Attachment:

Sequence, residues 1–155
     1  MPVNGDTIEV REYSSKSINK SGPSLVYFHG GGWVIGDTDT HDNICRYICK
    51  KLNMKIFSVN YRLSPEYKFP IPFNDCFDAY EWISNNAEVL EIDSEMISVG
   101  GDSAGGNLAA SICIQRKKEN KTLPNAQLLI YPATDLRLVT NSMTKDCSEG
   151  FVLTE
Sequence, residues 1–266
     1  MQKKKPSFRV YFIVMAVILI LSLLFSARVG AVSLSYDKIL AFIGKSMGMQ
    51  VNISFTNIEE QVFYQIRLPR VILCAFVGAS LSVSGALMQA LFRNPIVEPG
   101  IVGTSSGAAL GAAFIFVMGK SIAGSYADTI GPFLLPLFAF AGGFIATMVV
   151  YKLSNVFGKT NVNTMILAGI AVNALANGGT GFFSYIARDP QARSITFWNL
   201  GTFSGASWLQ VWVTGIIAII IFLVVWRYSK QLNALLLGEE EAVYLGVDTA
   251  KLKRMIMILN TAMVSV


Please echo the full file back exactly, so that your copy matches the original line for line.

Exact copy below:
Sequence, residues 1–155
     1  MPVNGDTIEV REYSSKSINK SGPSLVYFHG GGWVIGDTDT HDNICRYICK
    51  KLNMKIFSVN YRLSPEYKFP IPFNDCFDAY EWISNNAEVL EIDSEMISVG
   101  GDSAGGNLAA SICIQRKKEN KTLPNAQLLI YPATDLRLVT NSMTKDCSEG
   151  FVLTE
Sequence, residues 1–266
     1  MQKKKPSFRV YFIVMAVILI LSLLFSARVG AVSLSYDKIL AFIGKSMGMQ
    51  VNISFTNIEE QVFYQIRLPR VILCAFVGAS LSVSGALMQA LFRNPIVEPG
   101  IVGTSSGAAL GAAFIFVMGK SIAGSYADTI GPFLLPLFAF AGGFIATMVV
   151  YKLSNVFGKT NVNTMILAGI AVNALANGGT GFFSYIARDP QARSITFWNL
   201  GTFSGASWLQ VWVTGIIAII IFLVVWRYSK QLNALLLGEE EAVYLGVDTA
   251  KLKRMIMILN TAMVSV